Garza to be shut down temporarily with lat strain
Right-hander underwent MRI, likely to be sidelined at least one week
MESA, Ariz. -- An MRI revealed that Matt Garza has a mild lat strain on his left side, and the right-hander will be shut down for at least one week to make sure he's pain-free.
Cubs general manager Jed Hoyer said the problem area is where Garza's lat and oblique meet.
"It's safe to say it pushes back his first [Cactus League] start, and what it means for the regular season, it's clearly much too early to say," Hoyer said. "We felt [the MRI results were] really good news. It is a mild strain, and we do think it'll be about a week until he should be pain-free, based on the MRI.
"Matt's in good spirits, and he felt much better yesterday," Hoyer said. "We're optimistic, and it was certainly a positive read from our standpoint."
Garza, who was facing batters for the first time since July 21, ended what was supposed to be a 40-pitch session after 20 because of discomfort in his left side. He missed the latter part of last season with a right elbow injury.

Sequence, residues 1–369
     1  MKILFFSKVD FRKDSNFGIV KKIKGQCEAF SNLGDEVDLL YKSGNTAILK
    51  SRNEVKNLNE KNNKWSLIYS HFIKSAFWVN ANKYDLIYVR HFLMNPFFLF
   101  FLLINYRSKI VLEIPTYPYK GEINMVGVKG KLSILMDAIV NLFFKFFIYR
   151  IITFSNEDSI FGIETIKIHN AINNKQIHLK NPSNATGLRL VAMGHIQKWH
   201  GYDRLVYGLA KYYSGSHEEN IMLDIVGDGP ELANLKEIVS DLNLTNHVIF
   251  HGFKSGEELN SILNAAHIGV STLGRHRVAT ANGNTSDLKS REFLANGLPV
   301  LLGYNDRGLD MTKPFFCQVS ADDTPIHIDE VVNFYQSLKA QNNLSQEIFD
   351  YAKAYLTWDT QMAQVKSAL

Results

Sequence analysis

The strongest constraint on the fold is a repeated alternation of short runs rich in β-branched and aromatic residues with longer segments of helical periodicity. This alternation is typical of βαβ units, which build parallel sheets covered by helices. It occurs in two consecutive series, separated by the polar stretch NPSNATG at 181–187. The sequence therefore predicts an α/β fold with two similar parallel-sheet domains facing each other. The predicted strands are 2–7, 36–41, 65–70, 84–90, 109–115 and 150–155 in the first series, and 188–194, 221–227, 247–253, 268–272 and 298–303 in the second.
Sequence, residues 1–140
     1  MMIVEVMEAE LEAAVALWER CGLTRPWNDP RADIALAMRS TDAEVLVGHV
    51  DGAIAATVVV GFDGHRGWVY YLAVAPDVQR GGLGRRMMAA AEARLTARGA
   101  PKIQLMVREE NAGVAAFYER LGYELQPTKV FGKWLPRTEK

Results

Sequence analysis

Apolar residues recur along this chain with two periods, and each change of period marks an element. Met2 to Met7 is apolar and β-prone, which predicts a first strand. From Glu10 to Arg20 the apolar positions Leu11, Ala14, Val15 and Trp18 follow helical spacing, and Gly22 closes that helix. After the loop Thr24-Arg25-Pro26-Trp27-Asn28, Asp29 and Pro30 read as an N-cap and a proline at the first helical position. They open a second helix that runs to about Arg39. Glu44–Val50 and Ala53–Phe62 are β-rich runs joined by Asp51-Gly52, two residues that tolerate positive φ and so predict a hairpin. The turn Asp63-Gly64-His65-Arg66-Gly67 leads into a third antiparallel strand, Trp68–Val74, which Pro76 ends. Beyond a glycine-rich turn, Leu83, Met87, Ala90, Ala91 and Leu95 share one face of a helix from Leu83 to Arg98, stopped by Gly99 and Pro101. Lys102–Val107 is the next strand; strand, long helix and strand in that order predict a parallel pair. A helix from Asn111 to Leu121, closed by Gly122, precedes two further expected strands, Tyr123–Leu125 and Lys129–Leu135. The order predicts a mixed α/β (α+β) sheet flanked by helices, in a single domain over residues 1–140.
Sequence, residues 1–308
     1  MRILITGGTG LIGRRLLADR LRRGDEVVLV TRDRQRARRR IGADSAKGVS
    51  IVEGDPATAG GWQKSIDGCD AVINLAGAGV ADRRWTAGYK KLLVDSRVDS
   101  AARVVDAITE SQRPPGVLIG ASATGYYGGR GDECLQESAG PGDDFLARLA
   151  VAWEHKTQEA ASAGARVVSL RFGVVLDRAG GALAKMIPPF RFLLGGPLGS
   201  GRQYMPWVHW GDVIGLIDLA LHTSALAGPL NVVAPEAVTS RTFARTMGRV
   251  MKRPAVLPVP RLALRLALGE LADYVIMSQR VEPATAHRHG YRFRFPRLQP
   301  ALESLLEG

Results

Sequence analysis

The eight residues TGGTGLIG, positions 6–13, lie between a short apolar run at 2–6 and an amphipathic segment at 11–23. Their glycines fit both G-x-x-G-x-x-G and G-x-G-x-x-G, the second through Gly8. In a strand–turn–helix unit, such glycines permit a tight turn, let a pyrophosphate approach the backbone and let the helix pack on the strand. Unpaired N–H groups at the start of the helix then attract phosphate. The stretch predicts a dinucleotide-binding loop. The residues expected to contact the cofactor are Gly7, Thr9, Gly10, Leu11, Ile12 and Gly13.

Hoyer was behind the batting cage when Garza was pitching. The right-hander stepped off the mound and started stretching.
"It wasn't the most fun live BP session to watch," Hoyer said. "He looked great and free and easy, where you feel really good about what you're watching, and the next thing you know, you see a guy stretching his side.
"Right away, when you see a guy like that stretching, you think the worst," Hoyer said. "It was a bummer, but I'm glad his arm feels good, and Matt's in real good spirits because of that. It's the kind of injury that you're thankful happened in the first live BP. When these injuries happen in the last start of Spring Training, it really hurts you in the season."
Garza, who was 5-7 with a 3.91 ERA in 18 starts last season, was one of the candidates to start Opening Day, but manager Dale Sveum said that decision doesn't have to be made until March 20.
"You can't do anything earlier than that, just because unfortunate things like yesterday might happen and then you'd have to regroup to do different things to get guys set up for the first day, third day of the season," Sveum said. "By [March 20], everybody needs to know what's going on and what their roles are going to be and when they're going to pitch."
Carrie Muskat is a reporter for MLB.com. She writes a blog, Muskat Ramblings, and you can follow her on Twitter @CarrieMuskat. This story was not subject to the approval of Major League Baseball or its clubs.